• 09.11.12

Why Your Presentations Lack Depth, And What You Can Do About It

If you’re feeling blah about your next presentation, try some new tools to create a better sense of context.

Why Your Presentations Lack Depth, And What You Can Do About It

Your audience has become numb to PowerPoint. In fact they’re pretty much bored with static slides altogether. They’re spatial learners. They need a sense of context to relate information and ideas based on connections and patterns. They want depth. And if you want your presentations to resonate with your audience, you’d better give it to them.


Think about it. We’re born into a 3D world. If someone asks you to close your eyes and visualize the layout of your living room, that should be relatively easy–the placement of the couch, the television, the coffee table. However, if someone asks you to close your eyes and visualize the first line of the second paragraph of a book you read last week, I’m guessing that would be a lot harder. It’s just the way most of us are wired.

It’s not like PowerPoint didn’t try to add functionality to make presentations more interactive and engaging. Remember those animations and sound effects that for many seemed so cool at the time but quickly became overly distracting? Who am I kidding–I think most people are probably trying to forget. But just because transitions like “fly in” and “float in” and sound effects like “applause” and “camera” were incredibly annoying, doesn’t mean it’s any less important for us to visualize our ideas.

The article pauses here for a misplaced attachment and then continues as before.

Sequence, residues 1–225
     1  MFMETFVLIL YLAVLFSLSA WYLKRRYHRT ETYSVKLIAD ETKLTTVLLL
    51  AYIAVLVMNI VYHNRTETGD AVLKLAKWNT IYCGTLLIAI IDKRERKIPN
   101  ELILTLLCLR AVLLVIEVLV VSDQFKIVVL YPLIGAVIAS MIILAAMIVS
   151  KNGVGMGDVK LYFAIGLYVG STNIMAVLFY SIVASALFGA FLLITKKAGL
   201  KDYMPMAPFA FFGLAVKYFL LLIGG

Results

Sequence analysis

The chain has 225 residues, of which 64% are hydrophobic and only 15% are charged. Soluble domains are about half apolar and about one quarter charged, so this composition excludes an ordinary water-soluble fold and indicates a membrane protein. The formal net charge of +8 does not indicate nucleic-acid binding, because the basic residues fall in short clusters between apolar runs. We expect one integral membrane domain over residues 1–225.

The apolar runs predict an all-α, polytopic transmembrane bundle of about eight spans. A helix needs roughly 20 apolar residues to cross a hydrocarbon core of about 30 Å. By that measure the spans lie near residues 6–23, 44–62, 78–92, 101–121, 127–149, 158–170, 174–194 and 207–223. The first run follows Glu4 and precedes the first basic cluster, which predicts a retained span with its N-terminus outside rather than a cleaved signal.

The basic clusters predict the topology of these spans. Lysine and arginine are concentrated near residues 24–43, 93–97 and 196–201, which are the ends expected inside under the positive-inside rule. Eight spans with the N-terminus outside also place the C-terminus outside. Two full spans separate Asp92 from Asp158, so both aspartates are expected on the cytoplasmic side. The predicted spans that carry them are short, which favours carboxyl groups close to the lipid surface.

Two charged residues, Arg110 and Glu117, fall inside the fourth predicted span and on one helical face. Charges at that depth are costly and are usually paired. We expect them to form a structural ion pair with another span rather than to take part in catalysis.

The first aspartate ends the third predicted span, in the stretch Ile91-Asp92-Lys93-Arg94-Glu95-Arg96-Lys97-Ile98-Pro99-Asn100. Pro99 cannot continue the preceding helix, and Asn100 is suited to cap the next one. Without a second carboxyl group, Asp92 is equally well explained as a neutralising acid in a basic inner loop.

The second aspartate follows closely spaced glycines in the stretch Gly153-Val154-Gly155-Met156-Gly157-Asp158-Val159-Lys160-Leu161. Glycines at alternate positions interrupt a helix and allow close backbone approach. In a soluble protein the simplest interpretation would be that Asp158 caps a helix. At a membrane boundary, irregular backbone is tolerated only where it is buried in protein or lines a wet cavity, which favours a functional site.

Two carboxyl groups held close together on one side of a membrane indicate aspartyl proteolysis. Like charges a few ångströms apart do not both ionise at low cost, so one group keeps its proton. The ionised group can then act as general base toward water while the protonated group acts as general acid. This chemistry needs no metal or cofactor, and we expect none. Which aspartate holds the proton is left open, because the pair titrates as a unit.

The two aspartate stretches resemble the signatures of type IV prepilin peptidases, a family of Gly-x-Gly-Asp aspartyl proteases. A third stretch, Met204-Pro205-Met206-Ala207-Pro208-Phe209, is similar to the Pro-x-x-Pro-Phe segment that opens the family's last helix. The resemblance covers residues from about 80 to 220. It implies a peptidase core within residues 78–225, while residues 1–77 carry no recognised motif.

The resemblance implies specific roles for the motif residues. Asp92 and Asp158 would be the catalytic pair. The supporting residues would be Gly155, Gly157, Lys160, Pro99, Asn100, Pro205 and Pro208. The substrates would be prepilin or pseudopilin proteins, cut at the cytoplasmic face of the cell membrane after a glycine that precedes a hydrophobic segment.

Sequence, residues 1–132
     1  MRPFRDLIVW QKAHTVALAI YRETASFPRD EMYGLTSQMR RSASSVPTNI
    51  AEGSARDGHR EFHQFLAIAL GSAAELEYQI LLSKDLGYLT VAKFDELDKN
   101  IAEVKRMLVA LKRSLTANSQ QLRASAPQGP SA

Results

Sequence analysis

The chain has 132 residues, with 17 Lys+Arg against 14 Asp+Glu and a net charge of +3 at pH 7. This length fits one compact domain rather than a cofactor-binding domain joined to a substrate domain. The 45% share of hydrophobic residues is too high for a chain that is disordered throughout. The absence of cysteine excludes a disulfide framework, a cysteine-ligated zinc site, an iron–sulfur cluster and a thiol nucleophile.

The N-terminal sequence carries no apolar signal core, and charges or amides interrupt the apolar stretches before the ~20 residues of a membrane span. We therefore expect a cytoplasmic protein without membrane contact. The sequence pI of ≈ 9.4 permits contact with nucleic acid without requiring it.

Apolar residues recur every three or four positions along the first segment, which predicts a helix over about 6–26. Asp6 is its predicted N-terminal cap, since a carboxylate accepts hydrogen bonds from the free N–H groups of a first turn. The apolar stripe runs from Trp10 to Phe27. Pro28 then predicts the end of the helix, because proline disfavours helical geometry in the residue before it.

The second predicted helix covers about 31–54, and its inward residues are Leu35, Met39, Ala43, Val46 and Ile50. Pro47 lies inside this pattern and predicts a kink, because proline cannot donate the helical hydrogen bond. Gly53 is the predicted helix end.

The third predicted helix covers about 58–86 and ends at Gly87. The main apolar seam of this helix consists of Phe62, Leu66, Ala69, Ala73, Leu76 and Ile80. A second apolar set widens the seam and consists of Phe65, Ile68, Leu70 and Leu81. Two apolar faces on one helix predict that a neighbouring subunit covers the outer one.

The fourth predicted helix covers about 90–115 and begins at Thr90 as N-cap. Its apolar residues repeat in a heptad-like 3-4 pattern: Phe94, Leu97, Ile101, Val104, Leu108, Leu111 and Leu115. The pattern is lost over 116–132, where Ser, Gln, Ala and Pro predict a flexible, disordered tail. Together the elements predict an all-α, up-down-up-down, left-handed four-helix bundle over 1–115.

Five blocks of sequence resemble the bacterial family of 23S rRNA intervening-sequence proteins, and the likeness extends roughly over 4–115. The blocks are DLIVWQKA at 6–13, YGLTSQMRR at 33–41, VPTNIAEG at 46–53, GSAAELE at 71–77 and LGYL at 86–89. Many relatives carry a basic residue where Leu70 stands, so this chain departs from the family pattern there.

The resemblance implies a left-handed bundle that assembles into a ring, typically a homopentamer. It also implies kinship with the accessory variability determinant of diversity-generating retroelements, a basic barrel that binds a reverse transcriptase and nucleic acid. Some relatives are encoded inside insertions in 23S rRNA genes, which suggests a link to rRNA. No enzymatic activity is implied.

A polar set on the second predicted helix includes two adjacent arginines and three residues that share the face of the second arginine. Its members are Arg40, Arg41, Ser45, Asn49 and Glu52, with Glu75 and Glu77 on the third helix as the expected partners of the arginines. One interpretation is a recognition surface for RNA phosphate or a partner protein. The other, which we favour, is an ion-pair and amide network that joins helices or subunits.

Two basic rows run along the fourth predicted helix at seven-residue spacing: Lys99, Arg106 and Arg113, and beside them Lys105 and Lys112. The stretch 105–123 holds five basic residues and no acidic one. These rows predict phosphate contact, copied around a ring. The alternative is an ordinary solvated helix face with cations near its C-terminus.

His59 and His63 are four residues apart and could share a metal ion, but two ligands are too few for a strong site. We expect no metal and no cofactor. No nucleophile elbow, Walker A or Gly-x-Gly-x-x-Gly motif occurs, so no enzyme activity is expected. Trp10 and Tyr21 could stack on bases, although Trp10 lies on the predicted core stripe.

And that’s a point that wasn’t lost on the folks at Prezi, makers of zooming presentation software. “Creating a visual journey lets your audience know where they are and where they’re headed and that helps to create a sense of context” says Peter Arvai, Prezi CEO. “That context adds depth that makes it easier for people to understand ideas and their relationships to each other” he added. What’s most interesting about 3D imaging and other emerging technologies is how they’re changing the way we design and deliver information.

Instead of just throwing static words up on a projector screen, we’re able to use spatial relationships and visual effects to share big ideas and tell powerful stories. By adding visual depth, we finally at a point where we can create truly immersive experiences that will increase the likelihood that our audience will actually comprehend and remember our presentation content. I’d say that’s worthy of an “applause” sound effect, wouldn’t you?

Shawn Graham is a marketing and brand strategist for startups and small businesses. Find Shawn at or continue the conversation on Twitter.

[Image: Flickr user Michael Porter]

About the author

Shawn Graham partners with small businesses to create, implement, and manage performance-driven marketing strategies. His knowledge base includes media relations, business development, customer engagement, web marketing, and strategic planning.